Demonstrating the U.S. Commitment to Climate Action at COP27
Antony J. Blinken, Secretary of State
Climate change poses an existential threat to people and our planet. It is already threatening lives and livelihoods as families and communities are being displaced by natural disasters and water scarcity. Recognizing the urgency of addressing the climate crisis, we have engaged in a whole-of-government effort to mitigate the output of dangerous greenhouse gases, to increase other nations’ climate ambitions, and to strengthen the United States’ and the world’s capacity to adapt to the planet’s changing environment.
At this year’s COP, the United States is working with our host, Egypt, and countries around the world to advance climate ambition. We left Glasgow last year having kept alive the goal of limiting the earth temperature increase to 1.5 degrees Celsius, and we secured significant commitments to reduce emissions and enhance resilience, including substantial new efforts to mobilize climate finance.
At COP27, the United States is building on those outcomes to show we are on track to meet our ambitious target. At home, Congress passed the Inflation Reduction Act—the single most consequential piece of climate legislation in U.S. history. The IRA puts the United States on track to achieve President Biden’s ambitious target to cut U.S. emissions by 50-52 percent below 2005 levels in 2030 and demonstrates that we will deliver on our climate commitments for years to come.
The United States also ratified the Kigali Amendment to the Montreal Protocol on Substances that Deplete the Ozone Layer, joining 139 other nations committed to reducing the consumption and production of hydrofluorocarbons. Global implementation of this amendment could avoid as much as half a degree Celsius of warming by the end of the century.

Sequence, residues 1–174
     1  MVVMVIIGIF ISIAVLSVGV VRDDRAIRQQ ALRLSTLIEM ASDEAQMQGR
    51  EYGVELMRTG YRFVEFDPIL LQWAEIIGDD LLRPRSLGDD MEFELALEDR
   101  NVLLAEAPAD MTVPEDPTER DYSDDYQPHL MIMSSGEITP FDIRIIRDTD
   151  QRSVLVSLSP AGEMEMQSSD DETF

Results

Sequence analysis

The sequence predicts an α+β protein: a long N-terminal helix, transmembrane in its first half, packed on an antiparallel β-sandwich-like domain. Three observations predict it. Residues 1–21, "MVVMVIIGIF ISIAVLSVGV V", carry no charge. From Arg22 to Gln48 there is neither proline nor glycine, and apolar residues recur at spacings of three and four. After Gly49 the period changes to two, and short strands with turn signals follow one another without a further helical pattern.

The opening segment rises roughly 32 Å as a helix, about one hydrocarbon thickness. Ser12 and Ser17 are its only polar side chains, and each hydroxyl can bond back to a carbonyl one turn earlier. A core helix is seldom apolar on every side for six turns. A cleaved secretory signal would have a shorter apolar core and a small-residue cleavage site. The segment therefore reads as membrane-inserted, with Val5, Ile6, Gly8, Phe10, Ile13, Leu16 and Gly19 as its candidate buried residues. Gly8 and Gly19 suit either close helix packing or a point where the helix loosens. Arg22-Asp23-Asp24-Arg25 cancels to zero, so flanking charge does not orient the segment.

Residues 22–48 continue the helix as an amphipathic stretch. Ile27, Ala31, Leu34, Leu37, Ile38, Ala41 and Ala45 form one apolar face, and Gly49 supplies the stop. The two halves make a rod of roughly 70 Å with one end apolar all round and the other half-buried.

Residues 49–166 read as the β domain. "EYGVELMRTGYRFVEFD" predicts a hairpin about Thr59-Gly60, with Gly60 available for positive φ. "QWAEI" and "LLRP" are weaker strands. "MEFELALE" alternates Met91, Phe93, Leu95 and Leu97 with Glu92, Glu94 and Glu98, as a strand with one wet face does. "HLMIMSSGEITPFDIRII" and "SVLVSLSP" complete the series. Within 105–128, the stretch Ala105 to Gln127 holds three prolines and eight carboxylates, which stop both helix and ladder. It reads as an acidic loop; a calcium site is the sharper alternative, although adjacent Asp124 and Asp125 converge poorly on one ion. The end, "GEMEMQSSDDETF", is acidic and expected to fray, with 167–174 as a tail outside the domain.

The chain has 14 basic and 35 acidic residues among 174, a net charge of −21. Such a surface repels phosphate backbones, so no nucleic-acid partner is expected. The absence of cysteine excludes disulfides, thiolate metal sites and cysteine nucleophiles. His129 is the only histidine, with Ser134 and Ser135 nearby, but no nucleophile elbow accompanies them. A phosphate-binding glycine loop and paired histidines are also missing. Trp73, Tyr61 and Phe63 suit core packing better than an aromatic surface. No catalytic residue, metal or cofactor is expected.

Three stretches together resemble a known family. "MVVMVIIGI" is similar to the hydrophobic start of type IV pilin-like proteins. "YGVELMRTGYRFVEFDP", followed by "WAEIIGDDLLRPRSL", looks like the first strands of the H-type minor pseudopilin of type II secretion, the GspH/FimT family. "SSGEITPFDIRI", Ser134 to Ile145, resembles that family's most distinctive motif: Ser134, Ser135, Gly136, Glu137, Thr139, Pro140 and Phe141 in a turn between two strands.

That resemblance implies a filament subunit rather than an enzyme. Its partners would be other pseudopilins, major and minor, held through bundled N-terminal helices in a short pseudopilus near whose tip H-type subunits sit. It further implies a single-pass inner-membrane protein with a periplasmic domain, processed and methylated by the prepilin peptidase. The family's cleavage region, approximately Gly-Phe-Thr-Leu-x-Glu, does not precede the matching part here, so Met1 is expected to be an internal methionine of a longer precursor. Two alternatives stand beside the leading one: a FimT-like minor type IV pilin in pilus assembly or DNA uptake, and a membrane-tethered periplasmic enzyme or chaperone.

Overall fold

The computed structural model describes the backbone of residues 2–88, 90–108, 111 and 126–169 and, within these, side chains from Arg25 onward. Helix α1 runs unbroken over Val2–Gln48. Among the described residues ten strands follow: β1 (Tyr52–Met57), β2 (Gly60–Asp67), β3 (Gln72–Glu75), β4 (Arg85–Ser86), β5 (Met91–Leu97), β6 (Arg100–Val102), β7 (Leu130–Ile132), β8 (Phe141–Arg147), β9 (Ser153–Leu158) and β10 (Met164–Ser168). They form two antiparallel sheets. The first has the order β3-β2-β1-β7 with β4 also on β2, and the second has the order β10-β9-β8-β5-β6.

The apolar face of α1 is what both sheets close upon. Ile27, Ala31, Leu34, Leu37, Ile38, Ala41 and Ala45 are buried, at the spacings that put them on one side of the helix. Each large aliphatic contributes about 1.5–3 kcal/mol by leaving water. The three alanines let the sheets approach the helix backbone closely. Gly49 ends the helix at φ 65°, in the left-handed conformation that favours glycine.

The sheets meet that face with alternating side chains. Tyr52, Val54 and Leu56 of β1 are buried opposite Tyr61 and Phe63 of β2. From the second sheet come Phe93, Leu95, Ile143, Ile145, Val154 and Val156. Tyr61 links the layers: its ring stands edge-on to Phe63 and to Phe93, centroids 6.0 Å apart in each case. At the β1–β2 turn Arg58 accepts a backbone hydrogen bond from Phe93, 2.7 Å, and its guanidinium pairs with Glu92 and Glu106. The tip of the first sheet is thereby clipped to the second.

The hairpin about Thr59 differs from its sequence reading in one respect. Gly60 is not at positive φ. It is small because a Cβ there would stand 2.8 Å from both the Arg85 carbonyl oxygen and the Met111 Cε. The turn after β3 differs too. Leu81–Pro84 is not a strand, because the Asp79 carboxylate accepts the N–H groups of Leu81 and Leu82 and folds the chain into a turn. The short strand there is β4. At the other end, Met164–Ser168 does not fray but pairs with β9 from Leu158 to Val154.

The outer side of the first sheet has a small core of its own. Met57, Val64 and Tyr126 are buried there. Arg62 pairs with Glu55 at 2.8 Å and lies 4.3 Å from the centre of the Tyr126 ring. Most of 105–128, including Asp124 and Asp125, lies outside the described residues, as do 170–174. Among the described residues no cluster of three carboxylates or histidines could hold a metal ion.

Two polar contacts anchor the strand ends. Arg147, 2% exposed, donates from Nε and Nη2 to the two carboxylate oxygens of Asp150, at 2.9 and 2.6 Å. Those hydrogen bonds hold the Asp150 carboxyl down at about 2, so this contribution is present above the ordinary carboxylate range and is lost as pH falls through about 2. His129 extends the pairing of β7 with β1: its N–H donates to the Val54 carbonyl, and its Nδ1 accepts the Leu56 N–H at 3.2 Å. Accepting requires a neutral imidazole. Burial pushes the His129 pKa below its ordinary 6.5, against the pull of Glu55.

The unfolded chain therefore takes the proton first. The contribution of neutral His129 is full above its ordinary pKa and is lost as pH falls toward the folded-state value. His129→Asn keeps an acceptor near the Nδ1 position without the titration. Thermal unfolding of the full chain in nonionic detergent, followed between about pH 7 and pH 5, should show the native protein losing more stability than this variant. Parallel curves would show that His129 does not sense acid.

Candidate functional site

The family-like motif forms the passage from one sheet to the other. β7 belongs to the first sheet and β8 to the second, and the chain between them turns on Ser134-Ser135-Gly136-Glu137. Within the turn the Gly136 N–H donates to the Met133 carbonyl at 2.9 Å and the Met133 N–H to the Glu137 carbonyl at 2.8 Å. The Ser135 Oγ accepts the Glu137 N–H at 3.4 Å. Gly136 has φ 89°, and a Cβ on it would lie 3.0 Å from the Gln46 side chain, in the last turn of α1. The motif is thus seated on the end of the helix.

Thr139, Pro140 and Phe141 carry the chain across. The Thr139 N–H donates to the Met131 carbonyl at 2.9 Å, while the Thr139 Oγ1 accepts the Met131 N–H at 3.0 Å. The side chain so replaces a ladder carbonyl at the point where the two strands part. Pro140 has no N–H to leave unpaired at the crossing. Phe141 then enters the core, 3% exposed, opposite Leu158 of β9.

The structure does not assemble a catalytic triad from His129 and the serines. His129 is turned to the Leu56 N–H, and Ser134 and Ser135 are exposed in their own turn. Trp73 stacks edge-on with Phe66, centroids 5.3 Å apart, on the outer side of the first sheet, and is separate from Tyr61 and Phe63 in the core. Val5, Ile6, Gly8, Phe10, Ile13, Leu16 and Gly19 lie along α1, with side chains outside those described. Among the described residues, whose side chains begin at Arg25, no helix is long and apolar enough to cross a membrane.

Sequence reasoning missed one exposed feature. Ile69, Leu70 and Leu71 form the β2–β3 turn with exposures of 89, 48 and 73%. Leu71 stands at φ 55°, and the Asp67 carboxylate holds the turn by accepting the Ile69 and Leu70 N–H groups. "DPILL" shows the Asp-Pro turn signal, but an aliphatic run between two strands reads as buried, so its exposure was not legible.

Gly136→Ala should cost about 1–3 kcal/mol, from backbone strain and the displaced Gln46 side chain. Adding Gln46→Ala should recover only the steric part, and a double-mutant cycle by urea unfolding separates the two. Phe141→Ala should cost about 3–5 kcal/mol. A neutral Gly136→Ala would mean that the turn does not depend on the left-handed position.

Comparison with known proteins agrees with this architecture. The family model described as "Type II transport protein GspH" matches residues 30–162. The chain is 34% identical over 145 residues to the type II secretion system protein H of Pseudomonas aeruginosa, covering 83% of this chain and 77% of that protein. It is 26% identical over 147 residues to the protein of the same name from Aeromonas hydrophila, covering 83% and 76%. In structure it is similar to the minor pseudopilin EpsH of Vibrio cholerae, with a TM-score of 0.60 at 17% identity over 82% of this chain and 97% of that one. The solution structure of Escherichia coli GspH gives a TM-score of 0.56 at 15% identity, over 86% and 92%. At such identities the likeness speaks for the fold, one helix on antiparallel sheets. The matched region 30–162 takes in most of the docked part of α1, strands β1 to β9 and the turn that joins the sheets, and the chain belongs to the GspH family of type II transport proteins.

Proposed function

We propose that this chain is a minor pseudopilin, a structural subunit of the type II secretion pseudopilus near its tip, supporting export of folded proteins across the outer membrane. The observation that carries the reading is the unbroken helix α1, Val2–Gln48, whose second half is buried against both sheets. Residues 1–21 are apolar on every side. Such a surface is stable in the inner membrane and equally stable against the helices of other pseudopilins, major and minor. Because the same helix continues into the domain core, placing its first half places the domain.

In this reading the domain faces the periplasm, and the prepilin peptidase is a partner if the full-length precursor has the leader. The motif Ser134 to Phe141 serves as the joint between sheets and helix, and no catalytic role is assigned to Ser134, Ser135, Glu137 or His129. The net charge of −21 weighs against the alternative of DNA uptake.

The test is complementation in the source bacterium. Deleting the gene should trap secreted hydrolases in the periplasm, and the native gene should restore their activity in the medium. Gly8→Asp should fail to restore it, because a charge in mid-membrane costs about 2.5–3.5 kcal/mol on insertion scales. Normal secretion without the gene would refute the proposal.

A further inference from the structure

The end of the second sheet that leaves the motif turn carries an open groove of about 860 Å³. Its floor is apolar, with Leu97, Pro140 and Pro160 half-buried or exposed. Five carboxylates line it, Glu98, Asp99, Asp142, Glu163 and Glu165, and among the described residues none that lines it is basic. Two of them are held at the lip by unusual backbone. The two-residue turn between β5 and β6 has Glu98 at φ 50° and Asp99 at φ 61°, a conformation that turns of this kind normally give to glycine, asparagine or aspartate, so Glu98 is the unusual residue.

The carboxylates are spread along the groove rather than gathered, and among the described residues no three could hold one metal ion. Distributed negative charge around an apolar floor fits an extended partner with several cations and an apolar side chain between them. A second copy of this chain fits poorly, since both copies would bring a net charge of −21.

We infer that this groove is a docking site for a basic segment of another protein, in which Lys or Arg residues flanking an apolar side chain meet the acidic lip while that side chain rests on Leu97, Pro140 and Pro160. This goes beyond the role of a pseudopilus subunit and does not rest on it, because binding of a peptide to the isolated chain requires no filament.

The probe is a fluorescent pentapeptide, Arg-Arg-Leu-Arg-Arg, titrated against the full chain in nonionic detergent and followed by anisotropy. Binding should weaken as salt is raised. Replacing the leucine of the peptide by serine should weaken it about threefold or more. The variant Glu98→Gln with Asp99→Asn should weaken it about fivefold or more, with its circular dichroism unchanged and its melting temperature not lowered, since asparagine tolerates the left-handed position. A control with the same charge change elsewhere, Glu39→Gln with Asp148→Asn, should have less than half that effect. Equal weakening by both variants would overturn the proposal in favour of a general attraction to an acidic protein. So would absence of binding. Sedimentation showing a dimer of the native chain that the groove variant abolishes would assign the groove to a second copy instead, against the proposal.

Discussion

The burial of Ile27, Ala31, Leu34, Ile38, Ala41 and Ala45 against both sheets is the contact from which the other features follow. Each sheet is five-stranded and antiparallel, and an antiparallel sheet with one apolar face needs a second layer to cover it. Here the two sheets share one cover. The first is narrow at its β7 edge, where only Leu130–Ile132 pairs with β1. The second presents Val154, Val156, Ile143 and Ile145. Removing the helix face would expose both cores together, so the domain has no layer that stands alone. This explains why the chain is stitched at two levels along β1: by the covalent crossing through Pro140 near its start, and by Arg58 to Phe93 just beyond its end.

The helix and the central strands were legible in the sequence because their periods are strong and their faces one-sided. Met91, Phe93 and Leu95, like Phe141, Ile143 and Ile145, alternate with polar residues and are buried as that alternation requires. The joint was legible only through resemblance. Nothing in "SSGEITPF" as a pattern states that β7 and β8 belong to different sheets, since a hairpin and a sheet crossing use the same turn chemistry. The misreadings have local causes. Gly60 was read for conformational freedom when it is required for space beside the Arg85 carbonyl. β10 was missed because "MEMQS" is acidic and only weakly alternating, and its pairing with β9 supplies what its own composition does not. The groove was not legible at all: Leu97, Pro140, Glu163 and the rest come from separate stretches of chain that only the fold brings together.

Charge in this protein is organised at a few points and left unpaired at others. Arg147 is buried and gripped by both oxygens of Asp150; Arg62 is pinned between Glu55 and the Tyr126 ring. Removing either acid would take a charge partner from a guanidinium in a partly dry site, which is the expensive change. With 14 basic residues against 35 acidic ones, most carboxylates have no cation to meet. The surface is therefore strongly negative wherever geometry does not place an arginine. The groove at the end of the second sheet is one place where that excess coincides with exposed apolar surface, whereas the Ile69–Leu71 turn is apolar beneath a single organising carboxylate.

We also have made massive commitments to helping the world adapt to climate change through the President’s Emergency Plan for Adaptation and Resilience (PREPARE), which will help more than half a billion people in developing countries adapt to and manage a changing climate this decade. We are working with partners to get early warning and climate information into people’s hands so that they can become more resilient. We are helping countries and communities “climate proof” their infrastructure and their water, health, and food systems. And we are helping people access public and private finance to support these efforts.
The United States is focused on making COP27 responsive to the priorities and needs of the African continent. Seventeen of the world’s 20 most climate-vulnerable countries are in Africa. That is why I joined President Biden today, in Sharm El-Sheikh, to announce further U.S. climate adaptation investments on the continent , which include doubling our multi-year
commitment to the Adaptation Fund, increased investments in early-warning systems, improved access to disaster risk insurance for countries and farmers, and support for African-led capacity development programs to manage climate risks.
These actions demonstrate our commitment to proactive solutions. But the climate crisis cannot be resolved by efforts of the United States alone. We need every nation to implement its current climate commitments and enhance those commitments that are insufficient to avoid the worst impacts of climate change. We cannot fail in this task. Our children and grandchildren are depending on us.